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Old 10-26-08, 05:53 AM   #17
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What is the rule in utah? Do they use a common sense ruling that says if you rolled through a wide open intersection at 10 mph, you are good? If so, I wanna move there. Nothing pisses me off more than being pulled over for rolling a stop sign where I could see in all directions a few hundred feet before I got there.
My understanding is that cyclists can treat stop signs as yield signs. However most people have no clue what yield means in my general observations.

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Old 10-26-08, 10:34 AM   #18
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I believe that you're mistaking Utah for Idaho.

In Idaho, the law is that cyclists treat stop signs as yield signs and traffic lights as stop signs.
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Old 10-26-08, 10:51 AM   #19
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In the small town I live in, We can usally blow the signs because theres usally no one at any of them, But if there is, Me and my buddys, Or most of them atleast, will stop, and let them go.
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Old 10-26-08, 12:15 PM   #20
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Originally Posted by Scheherezade View Post
I'll often roll through a deserted stop sign intersection, but I'll never go through at full bore.
truth. part of the reason for this is that i sort of distrust my own senses, especially at speed. so i coast/slow down and go through the intersection nice and easy. it would suck to get creamed by a car that i somehow didnt see while going fast.
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Old 10-26-08, 01:12 PM   #21
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^ as a daily commuter, I think I recognize similar traits. Its a bit of a cliche, but I do think I'm taken more seriously, and offered more consideration when riding in a manner that other road users recognise as responsible - and predictable. Of course this is not always the case, but there are bad apples that spoil the barrel whether one is riding or driving.
Yeah I think after 2 months on my current route I finally got the cagers trained to where they will give me plenty of room and have stopped complaining that I take the lane. Of course living in a university town you always get the punk kids who just blow right by you, those have been getting a slap on their trunk if they are close enough and a couple have been.
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Old 10-26-08, 10:35 PM   #22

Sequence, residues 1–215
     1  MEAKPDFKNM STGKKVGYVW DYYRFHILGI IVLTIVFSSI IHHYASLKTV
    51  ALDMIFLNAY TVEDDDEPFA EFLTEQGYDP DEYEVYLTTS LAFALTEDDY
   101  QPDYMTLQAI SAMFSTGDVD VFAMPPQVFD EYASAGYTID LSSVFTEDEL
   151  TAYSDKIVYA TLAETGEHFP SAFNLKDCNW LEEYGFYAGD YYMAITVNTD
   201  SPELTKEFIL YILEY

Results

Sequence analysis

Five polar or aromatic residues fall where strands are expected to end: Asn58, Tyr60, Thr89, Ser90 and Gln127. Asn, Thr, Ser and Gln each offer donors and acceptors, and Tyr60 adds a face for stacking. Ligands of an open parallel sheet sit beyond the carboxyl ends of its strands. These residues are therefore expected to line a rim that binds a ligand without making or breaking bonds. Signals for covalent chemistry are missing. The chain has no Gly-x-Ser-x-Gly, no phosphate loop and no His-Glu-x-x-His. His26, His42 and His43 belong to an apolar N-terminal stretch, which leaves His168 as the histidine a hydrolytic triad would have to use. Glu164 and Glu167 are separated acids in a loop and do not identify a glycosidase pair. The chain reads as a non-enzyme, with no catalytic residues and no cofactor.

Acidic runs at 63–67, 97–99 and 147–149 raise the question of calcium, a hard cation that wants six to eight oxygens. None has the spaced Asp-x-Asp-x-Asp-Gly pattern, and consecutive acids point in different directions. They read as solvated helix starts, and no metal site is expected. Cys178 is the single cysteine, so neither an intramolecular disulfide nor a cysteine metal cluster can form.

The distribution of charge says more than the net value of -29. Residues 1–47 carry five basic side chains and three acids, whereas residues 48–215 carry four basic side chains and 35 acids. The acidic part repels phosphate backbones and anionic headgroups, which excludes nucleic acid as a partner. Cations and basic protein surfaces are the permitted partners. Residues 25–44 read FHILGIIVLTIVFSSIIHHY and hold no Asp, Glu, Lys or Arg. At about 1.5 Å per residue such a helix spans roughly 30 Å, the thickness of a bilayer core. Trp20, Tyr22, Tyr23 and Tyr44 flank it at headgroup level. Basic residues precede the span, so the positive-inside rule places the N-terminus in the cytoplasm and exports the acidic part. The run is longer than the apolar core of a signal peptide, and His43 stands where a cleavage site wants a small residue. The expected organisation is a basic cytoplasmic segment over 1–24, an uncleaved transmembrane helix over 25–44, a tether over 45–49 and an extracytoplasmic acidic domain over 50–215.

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...this notion that a cyclist should come to a complete stop every time is bogus...
Preaching to the choir. I bike through every one I can find.
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Old 10-26-08, 11:04 PM   #23
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And you guys have officially confounded me... if some previous threads were any indication, I thought I would've been given a stern talk for having rolled a yield.
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Old 10-26-08, 11:57 PM   #24
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OK, if it is ok, for a bicylist to blow a stop sign, then is it ok for a motorist to blow a stop sign? if they looked and were careful and the really stops should be yields anyway? Why should there be any differences

Thinking that a cyclyist does not have to follow the rules of the road, of which stops signs are part of, is simple self centered, bogus thinking. It is no different than a motorist who yells "get on the sidewalk" because the motorist thinks that is what is right.

More importantly, is the unintended consequences...or Murphy's Law. ie. you blow a stop sign and you missed seeing a motorist who had the right of way, they try to avoid killing you, lose control and hit a car in the oncoming lane..resulting in a serious accident.

Sure there are plenty of times there will be no problem...come to the stop sign or light and do a almost stop.... .5 sec track stand or roll through at 2-3 miles per hour......but where is the safe limit...5 mph....10 mph ......

Last edited by squirtdad; 10-27-08 at 09:32 AM. Reason: bad typing
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Old 10-27-08, 12:47 AM   #25
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The majority of stop signs (with some exceptions) deserve to be treated as yield signs - with a cyclist slowing down upon approach of the intersection, getting visuals and seeing if they can safely make it across (with an easy margin of error so as not to freak out drivers), and then doing so. Secondarily, lights (with quite a few more exceptions) in off-hours with little or no traffic, can pretty safely be handled by stopping and making sure that traffic is clear, and then proceeding across the intersection without a light.
I feel this way in general (not just about cycling), poor traffic light systems, networked but not intelligent, late night "complete or rolling stops", mostly what bugs me the most is the lack of efficiency... of course not like "I see a car coming, but I can make it if I do a rolling stop" or "I can turn left during a red even though cars are coming the other way, I see a gap", but situations where there is no one around, or no cars coming for 1/4 mile, it's ridiculous.